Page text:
IT for Etailing
It’s hardly surprising that in a sector already worth over Aï¿½50bn and rising at around 20% pa – including companies as diverse as Tesco and hundreds of niche market small businesses – that many are still developing their business model and still have big areas for improvement. Websites are being developed and refined to capture the buyer’s attention and to make the order placing process – indeed the whole purchasing experience – as easy and as enjoyable as possible. Search engine optimisation techniques are increasingly used to bring more traffic to the site and companies strive to offer the latest products at the most attractive prices.
Sadly there’s abundant evidence that many companies are still not investing and paying enough attention to what really matters to the buyer – is what I want in stock and will I get the right goods delivered on time? Recent surveys show that on-line retailers do not fully appreciate how important getting the right purchase delivered on time means to the shopper. So what’s the answer?
Established businesses who have moved into internet sales will already have an existing stock and IT based ordering procedure running their warehouse and dispatch function. However the typical Warehouse Management System (WMS) designed to distribute goods in bulk to stores may not be ideally suited to handling a high volume of small orders, usually between one and three items that may require different picking and stock management procedures.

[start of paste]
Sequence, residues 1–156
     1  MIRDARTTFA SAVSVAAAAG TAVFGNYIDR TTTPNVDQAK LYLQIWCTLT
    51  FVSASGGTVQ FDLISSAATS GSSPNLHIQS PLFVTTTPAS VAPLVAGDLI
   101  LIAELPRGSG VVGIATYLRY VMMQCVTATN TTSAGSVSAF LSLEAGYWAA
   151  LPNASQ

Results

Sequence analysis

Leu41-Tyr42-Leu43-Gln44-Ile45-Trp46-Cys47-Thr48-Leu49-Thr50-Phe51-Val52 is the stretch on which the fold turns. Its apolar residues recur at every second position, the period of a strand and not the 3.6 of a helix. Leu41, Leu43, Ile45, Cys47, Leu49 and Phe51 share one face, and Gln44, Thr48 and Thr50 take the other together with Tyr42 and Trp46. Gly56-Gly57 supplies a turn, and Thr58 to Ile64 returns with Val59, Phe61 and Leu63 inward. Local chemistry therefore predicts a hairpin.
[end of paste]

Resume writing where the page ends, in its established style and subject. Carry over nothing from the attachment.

Newer entrants to the market will have the advantage of only dealing with small order volumes, but may also have chosen simple software systems based on Microsoft Excel or standard accounting packages which in the long run will have limited capacity.
Any software stock management system selected should be designed to cope with high volume picking and collating of small orders, mainly single picks. It should also be able to efficiently handle returns, instantly update stock records and interface with the website’s software to provide timely and accurate stock information. Trying to order a product and finding it is not in stock will not enhance the company’s image in the market.
Suppliers of WMS to large warehouses and catalogue sales organisations will be familiar with the type of stock pick and management pattern that internet sales require, but many systems still focus on bulk orders and do not always lend themselves to a predominance of small volume dispatches.
The success of internet retailing will continue to attract new entrants, making the market more competitive than ever. Building customer loyalty has to be a vital strategy for success and getting deliveries right – in the eyes of the shopper – is the key to success. The key to delivery is having the right systems in place that help the supplier keep its promises.